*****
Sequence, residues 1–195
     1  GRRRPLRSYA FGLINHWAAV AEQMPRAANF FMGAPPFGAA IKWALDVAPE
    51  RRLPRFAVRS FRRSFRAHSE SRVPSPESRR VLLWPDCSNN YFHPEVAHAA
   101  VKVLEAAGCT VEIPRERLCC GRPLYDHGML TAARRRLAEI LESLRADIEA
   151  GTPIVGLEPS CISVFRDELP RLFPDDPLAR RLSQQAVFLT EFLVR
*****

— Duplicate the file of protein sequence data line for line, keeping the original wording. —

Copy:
Sequence, residues 1–195
     1  GRRRPLRSYA FGLINHWAAV AEQMPRAANF FMGAPPFGAA IKWALDVAPE
    51  RRLPRFAVRS FRRSFRAHSE SRVPSPESRR VLLWPDCSNN YFHPEVAHAA
   101  VKVLEAAGCT VEIPRERLCC GRPLYDHGML TAARRRLAEI LESLRADIEA
   151  GTPIVGLEPS CISVFRDELP RLFPDDPLAR RLSQQAVFLT EFLVR